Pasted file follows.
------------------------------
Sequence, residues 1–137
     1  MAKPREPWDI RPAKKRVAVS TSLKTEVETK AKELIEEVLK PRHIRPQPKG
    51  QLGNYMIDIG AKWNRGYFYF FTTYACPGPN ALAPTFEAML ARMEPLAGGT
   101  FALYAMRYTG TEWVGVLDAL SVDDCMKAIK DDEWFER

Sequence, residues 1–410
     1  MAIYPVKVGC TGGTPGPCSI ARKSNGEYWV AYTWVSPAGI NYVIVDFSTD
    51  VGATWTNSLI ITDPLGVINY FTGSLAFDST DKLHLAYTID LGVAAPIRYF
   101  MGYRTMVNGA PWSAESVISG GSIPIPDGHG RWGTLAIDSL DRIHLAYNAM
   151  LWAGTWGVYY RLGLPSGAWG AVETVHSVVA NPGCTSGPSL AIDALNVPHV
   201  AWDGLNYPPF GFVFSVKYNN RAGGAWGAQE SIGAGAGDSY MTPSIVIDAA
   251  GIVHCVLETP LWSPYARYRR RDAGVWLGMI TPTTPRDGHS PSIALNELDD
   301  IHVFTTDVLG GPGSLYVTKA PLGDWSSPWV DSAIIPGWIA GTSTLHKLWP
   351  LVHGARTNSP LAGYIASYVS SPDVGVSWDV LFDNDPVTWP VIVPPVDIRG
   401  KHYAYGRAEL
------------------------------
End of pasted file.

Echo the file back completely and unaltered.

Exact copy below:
Sequence, residues 1–137
     1  MAKPREPWDI RPAKKRVAVS TSLKTEVETK AKELIEEVLK PRHIRPQPKG
    51  QLGNYMIDIG AKWNRGYFYF FTTYACPGPN ALAPTFEAML ARMEPLAGGT
   101  FALYAMRYTG TEWVGVLDAL SVDDCMKAIK DDEWFER

Sequence, residues 1–410
     1  MAIYPVKVGC TGGTPGPCSI ARKSNGEYWV AYTWVSPAGI NYVIVDFSTD
    51  VGATWTNSLI ITDPLGVINY FTGSLAFDST DKLHLAYTID LGVAAPIRYF
   101  MGYRTMVNGA PWSAESVISG GSIPIPDGHG RWGTLAIDSL DRIHLAYNAM
   151  LWAGTWGVYY RLGLPSGAWG AVETVHSVVA NPGCTSGPSL AIDALNVPHV
   201  AWDGLNYPPF GFVFSVKYNN RAGGAWGAQE SIGAGAGDSY MTPSIVIDAA
   251  GIVHCVLETP LWSPYARYRR RDAGVWLGMI TPTTPRDGHS PSIALNELDD
   301  IHVFTTDVLG GPGSLYVTKA PLGDWSSPWV DSAIIPGWIA GTSTLHKLWP
   351  LVHGARTNSP LAGYIASYVS SPDVGVSWDV LFDNDPVTWP VIVPPVDIRG
   401  KHYAYGRAEL